Point of view is a continual—and often confusing—focus of attention in storytelling critique groups. Had we been keeping track, it wouldn’t surprise us if POV issues have arisen at least every other session of our six-years-and-counting semi-monthly writers’ group meetings at the Library.
The other day Anthony Doerr (right) won the 2015 Pulitzer Prize for Fiction for his novel All the Light We Cannot See. The Pulitzer committee describes the book as, “An imaginative and intricate novel inspired by the horrors of World War II and written in short, elegant chapters that explore human nature and the contradictory power of technology.”
The announcement led the FWB to look up some of the author interviews to which Doerr had posted links on his website. In an exchange between Doerr and author and columnist Courtney Maum at the National Book Foundation site (ATLWCS was a 2014 National Book Award, Fiction finalist), Doerr addresses the question of POV with intelligence and clarity. After reading this excerpt, please click through to the entire interview for more writing wisdom from Doerr.
CM: In reading through past interviews with you, I’ve been surprised to see All the Light We Cannot See described as a novel that oscillates between the viewpoints of Marie-Laure, a blind French girl, and Werner, a German orphan, because the truth is, although Marie-Laure and Werner are the book’s main protagonists, the novel is peopled with the voices of so many other characters: Etienne, Von Rumpel, Frau Elena, Dr. Hauptman—the evil Volkheimer is given an entire section near the end. To me, the degree to which you let tertiary characters come in to support the narrative felt almost experimental. Did you just follow your instincts as to who got passed the talking stick, or did you have a master plan? Did any other voices end up on the cutting room floor?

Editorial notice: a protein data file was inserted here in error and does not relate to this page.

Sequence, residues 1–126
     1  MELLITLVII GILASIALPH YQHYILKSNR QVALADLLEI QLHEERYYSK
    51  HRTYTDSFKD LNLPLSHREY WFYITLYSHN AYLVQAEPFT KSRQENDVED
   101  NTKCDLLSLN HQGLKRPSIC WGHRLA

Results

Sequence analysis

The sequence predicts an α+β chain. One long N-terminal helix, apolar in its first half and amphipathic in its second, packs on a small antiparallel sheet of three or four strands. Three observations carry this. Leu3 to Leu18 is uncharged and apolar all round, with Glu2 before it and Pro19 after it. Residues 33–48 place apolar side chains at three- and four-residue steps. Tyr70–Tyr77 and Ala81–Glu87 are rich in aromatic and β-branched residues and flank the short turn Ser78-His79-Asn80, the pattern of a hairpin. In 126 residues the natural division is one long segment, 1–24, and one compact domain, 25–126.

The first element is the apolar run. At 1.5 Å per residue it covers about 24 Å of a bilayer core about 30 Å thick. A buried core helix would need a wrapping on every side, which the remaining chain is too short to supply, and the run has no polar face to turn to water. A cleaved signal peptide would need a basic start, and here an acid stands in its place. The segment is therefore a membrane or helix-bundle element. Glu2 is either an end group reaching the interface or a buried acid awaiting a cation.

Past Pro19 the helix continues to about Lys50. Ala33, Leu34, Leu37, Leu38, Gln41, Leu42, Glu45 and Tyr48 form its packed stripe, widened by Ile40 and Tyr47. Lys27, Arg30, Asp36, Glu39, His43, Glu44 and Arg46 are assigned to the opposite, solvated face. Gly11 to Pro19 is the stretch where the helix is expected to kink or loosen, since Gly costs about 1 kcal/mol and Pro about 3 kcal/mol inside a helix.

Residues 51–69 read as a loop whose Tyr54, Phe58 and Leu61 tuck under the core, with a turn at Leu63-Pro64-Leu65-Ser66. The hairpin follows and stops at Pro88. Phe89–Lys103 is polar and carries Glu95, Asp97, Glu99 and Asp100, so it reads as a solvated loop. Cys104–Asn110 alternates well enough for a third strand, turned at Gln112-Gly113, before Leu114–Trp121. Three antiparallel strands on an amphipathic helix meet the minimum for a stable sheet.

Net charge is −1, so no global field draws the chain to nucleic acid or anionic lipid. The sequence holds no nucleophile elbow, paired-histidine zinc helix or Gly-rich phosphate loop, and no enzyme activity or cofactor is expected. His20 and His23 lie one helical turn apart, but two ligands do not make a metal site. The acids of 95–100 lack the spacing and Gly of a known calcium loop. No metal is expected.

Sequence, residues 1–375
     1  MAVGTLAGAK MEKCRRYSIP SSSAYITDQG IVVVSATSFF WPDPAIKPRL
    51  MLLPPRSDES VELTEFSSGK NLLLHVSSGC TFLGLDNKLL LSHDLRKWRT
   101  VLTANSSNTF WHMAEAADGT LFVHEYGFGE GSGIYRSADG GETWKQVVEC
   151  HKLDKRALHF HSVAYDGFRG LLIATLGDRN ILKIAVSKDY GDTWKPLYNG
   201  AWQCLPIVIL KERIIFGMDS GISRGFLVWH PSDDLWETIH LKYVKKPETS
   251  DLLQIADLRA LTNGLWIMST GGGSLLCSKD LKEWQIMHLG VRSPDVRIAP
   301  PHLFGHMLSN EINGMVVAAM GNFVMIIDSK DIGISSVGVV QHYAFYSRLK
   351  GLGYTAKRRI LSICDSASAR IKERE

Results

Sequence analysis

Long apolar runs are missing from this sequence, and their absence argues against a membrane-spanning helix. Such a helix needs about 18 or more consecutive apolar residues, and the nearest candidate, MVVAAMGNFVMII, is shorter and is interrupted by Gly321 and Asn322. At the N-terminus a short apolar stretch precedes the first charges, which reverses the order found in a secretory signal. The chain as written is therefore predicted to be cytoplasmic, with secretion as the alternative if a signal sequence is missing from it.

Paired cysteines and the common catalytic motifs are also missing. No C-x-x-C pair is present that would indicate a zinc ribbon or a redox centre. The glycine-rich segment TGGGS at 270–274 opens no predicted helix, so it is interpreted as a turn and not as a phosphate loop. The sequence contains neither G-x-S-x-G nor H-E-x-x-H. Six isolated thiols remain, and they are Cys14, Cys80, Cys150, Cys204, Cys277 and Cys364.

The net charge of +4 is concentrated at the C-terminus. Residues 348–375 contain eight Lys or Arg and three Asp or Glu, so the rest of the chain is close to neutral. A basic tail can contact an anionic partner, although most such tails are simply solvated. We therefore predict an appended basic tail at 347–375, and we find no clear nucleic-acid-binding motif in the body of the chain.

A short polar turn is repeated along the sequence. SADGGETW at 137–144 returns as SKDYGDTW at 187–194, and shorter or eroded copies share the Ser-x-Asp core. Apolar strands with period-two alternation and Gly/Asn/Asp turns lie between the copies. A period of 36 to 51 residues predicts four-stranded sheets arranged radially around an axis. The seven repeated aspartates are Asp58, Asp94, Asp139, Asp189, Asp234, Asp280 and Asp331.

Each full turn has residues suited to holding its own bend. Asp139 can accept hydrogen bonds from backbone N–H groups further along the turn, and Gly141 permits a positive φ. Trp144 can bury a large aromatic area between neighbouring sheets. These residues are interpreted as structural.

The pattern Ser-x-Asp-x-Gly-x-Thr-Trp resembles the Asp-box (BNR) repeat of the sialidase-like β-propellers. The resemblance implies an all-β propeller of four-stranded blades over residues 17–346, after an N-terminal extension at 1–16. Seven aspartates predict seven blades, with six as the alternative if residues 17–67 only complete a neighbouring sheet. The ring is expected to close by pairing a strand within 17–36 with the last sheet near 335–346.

Anthony Doerr: Yes, lots of poor souls ended up on the floor. The perfumer, for example, had several more chapters from his point of view in earlier versions, as did Madame Ruelle, the baker’s wife. Did I have a master plan? Not really. Mostly I constructed and then cut lots of variations.
When I teach graduate writing workshops, I often see a severity regarding point of view—students like to point out sudden movements: “You broke POV here, you broke POV there.” Students are right, of course, to highlight moments when a narrator breaks into or out of another character’s thoughts, especially if the writer makes that shift unintentionally.
But when I started to worry that my book was becoming too rigidly adherent to the Marie/Werner/Marie/Werner back-and-forth structure (my editor, Nan Graham, used the adjective “ping-pong-y”) I started looking at POV in books that I admire and found that my favorite moments in those books often involved some level of disruption in point of view. A narrator’s privilege gets established and then, later in the book, it expands or frays. Ishmael assumes Ahab’s thoughts in Moby-Dick, or Madame Bovary opens in first person, then promptly becomes a third-person novel.
In [The Great] Gatsby [F. Scott] Fitzgerald establishes what appears to be a strict POV rule: “This novel will be narrated by Nick [Carraway], who will have to guess at Gatsby’s thoughts.” Before long, though, Fitzgerald shatters that rule (“[Gatsby] knew that when he kissed this girl, and forever wed his unutterable visions to her perishable breath…”)
That kind of stuff would probably get picked on in workshops. So whenever I found All the Light getting too schematic, too rigidly obsessed with its own symmetry, I tried to remind myself that a novel can be a more organic, digressive, human thing, full of movement and departures and tertiary voices.
In short, there are rules about shifting points of view in fiction writing. But they can be broken—when an author as skillful as Doerr knows what he is doing.—Alex McNab